September 24, 2010

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Girl Ninja and Girl Ninja Presents Corporate Ninja Saga

Written by Rebecca Simms (with Patrick Lewis)
Illustrated by Rebecca Simms
Self-Published

Before there were zombies, before there were pirates, there were ninjas. I have a funny feeling that ninjas will outlast both of those other fads, not the least of which is that they are cool to draw.

That's especially true in the case of Girl Ninja, because she's not only stealthy and deadly, she's also a shopaholic that spends most of her time in a mall, dueling with others for fashion rights. Sometimes she's tricked into other locations, such as in the Corporate Ninja Saga, but for the most part, our heroine is looking for a great deal on an expensive purse, and yes, she'll cut you if you get in her way.

The premise of Girl Ninja, which is also a webcomic, should produce a lot of laughs. After all, what good are your ninja skills if you can't get out of the upscale mall? Simms finds ways to keep her character battling, but sometimes they're a bit contrived. I was also a bit disappointed that the jokes reinforce negative female stereotypes about clothes. I think it would have been funnier if the ninja stopped other women from falling into the traps of corporate consumerism.

But hey, it's not my comic, and I can't draw with a darn. That's not true of Simms, who uses an eastern-influenced style in her character design within a more traditionally western layout. Girl Ninja and her cast are sleekly presented, if a bit stiff at times. The visuals are often a big part of the gags, such as when the ninja reacts to a hairdresser's scissors.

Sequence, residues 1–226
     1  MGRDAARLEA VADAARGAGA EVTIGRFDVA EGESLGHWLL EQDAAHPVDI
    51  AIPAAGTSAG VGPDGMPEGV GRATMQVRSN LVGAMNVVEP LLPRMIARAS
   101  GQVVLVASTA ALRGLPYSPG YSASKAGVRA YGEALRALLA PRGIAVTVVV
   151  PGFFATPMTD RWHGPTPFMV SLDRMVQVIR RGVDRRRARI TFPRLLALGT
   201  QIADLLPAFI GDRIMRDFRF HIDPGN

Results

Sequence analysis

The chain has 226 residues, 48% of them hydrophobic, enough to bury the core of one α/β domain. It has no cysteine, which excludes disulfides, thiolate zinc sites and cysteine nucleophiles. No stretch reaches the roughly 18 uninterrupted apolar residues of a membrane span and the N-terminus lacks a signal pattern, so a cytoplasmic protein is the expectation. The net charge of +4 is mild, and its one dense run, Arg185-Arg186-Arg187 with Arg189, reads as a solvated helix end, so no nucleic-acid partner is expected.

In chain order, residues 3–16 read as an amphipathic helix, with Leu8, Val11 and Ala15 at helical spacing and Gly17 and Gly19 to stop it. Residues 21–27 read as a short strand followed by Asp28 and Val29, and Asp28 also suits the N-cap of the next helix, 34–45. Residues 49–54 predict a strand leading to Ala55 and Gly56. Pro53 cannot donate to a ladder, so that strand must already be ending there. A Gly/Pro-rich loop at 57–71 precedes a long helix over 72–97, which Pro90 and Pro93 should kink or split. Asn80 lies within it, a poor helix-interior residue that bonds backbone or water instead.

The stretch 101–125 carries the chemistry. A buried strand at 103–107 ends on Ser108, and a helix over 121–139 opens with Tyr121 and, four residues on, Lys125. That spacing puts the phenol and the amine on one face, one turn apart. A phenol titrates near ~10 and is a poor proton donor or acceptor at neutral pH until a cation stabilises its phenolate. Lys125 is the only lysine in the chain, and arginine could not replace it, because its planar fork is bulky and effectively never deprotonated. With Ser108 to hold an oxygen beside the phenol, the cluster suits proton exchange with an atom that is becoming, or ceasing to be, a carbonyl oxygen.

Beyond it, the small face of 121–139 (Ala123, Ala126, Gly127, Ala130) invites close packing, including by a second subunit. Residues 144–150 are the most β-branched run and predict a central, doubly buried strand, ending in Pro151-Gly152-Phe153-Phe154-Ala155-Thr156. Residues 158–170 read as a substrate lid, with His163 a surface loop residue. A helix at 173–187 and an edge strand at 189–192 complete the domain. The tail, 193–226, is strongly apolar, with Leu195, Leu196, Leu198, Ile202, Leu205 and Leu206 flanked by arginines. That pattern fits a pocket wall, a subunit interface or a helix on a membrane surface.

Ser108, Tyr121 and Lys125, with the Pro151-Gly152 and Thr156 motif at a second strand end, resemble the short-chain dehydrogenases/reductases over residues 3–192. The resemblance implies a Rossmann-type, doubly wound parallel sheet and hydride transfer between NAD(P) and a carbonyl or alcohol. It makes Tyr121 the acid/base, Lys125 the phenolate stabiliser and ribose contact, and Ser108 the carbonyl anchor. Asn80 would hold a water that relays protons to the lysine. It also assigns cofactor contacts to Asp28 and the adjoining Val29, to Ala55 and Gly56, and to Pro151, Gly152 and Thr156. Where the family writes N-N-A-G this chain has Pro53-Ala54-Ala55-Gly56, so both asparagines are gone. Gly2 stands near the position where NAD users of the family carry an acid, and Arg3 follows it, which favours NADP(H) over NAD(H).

I thought the first book was okay, if not spectacular. The strips felt a bit forced to end at 4 panels, because of the webcomic trappings, which is a bit unfortunate. (If you are doing a continuing story, there's no need to cut off the joke or hasten the punchline.) Some of the jokes were pretty good, and I liked the setting. Unfortunately, the Corporate Ninja Saga bogs down pretty badly early on, and took some of the luster off this series for me. The commentary on office life is pretty standard and that means that the payoff needed to be bigger. Sadly, it just sort of peters out, feeling kind of like the storytellers boxed themselves in and needed to find a way out but weren't able to do it cleanly.

Overall, Girl Ninja isn't bad, and those more likely to be okay with typical girl-boy humor definitely should check this out, as I think they'll find a lot to like about the series. I may check in on the webcomic version to see how things have progressed. Ms. Simms's art works well for this premise, and I'd be curious to see how time has changed the pacing and story.

These mini-comics may be not be the best way to approach the material. If you're curious to see what Girl Ninja is about, head over to the webcomic version. After all, it won't cost you anything to look. You may find a new favorite, or you may just find it okay, as I did.